Drawing, Birbal's Palace, Fattipur Sikri (Fatehpur Sikri), India
This sketch documents Lockwood de Forest’s trip to India. In 1880, he and Meta Kemble were married in New York and soon thereafter departed for India on their honeymoon, which also served as a buying trip. By this time, de Forest had abandoned landscape painting and committed himself to design and the decorative arts. He had started a partnership with Louis Comfort Tiffany, called Tiffany and de Forest, and was looking for decorative arts objects and jewelry to send back to the United States for use in interior design commissions. He traveled to Ahmedabad where he met Maganbhai Hutheesing and set up the arrangement for Hutheesing to manage a workshop producing Indian carved teak and perforated brass backed by de Forest family money.
In the spring of 1881, once the workshop was sufficiently organized, de Forest and his wife embarked on a tour of Delhi and northern India, which brings us to the location of this wonderful sketch: Birbal’s Palace in Fatehpur Sikri, Agra, outside of Jaipur, dating from March 19, 1881. This area was known for its red sandstone architecture, which particularly impressed de Forest. He wrote in his letters, “We spent several days at Fatehpur Sikri and occupied the House of Miriam, and we might have had the Birbal’s House if I had only told Mr. Lawrence we had been going. It was the one he occupied when he went out himself and it was fully furnished with rugs etc. It was opened for me to see however and I made some sketches of the details of the interior and a sketch of the outside which was a wonderful red in the sunlight. It is a perfect example of the architecture at the time of Akbai and has been preserved just as it was built.”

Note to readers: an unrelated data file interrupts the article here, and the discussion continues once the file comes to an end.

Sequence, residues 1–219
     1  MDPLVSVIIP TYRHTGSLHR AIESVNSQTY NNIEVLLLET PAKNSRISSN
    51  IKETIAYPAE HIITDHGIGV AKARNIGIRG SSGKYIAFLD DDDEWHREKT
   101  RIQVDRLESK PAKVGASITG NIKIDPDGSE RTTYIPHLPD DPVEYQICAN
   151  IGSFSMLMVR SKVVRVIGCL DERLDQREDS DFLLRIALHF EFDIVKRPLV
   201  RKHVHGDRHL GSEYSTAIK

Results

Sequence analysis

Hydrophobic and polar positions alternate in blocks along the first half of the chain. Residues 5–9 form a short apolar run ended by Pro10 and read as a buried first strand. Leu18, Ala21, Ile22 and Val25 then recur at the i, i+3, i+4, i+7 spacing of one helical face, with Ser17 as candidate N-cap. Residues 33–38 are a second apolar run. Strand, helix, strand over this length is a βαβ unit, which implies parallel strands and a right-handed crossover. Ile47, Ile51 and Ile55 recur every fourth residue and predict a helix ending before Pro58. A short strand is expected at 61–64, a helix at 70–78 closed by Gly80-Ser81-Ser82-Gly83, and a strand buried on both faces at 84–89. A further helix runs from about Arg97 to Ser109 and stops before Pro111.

From the Lockwood de Forest papers, 1858–1978, research collection held at the Smithsonian Archives of American Art.
Our curators have highlighted 2 objects that are related to this one.
Cite this object as
Drawing, Birbal's Palace, Fattipur Sikri (Fatehpur Sikri), India; Lockwood de Forest (American, 1850–1932); India; brush and oil on thin paperboard; 2013-38-2
Join Cooper Hewitt curators Sarah Coffin and Gail Davidson, and Lockwood de Forest scholar Roberta Mayer for three presentations celebrating the Carnegie Mansion’s newly restored Teak Room....
This object was previously on display as a part of the exhibition Passion for the Exotic: Lockwood de Forest, Frederic Church.